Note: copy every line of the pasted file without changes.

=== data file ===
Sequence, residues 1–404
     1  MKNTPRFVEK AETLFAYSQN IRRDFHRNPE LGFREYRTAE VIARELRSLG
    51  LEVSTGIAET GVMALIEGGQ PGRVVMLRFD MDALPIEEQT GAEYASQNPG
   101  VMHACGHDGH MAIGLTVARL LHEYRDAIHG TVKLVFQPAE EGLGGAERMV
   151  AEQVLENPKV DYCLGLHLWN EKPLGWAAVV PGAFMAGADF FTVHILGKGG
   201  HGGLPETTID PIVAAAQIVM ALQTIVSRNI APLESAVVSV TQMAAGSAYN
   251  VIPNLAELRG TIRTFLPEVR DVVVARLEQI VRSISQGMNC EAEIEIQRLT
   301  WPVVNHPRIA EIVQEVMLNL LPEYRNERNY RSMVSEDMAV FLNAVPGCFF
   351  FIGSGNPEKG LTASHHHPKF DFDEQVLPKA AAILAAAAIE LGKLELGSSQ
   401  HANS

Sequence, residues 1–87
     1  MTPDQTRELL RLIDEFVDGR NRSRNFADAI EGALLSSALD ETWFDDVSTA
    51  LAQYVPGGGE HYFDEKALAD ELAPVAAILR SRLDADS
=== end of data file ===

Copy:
Sequence, residues 1–404
     1  MKNTPRFVEK AETLFAYSQN IRRDFHRNPE LGFREYRTAE VIARELRSLG
    51  LEVSTGIAET GVMALIEGGQ PGRVVMLRFD MDALPIEEQT GAEYASQNPG
   101  VMHACGHDGH MAIGLTVARL LHEYRDAIHG TVKLVFQPAE EGLGGAERMV
   151  AEQVLENPKV DYCLGLHLWN EKPLGWAAVV PGAFMAGADF FTVHILGKGG
   201  HGGLPETTID PIVAAAQIVM ALQTIVSRNI APLESAVVSV TQMAAGSAYN
   251  VIPNLAELRG TIRTFLPEVR DVVVARLEQI VRSISQGMNC EAEIEIQRLT
   301  WPVVNHPRIA EIVQEVMLNL LPEYRNERNY RSMVSEDMAV FLNAVPGCFF
   351  FIGSGNPEKG LTASHHHPKF DFDEQVLPKA AAILAAAAIE LGKLELGSSQ
   401  HANS

Sequence, residues 1–87
     1  MTPDQTRELL RLIDEFVDGR NRSRNFADAI EGALLSSALD ETWFDDVSTA
    51  LAQYVPGGGE HYFDEKALAD ELAPVAAILR SRLDADS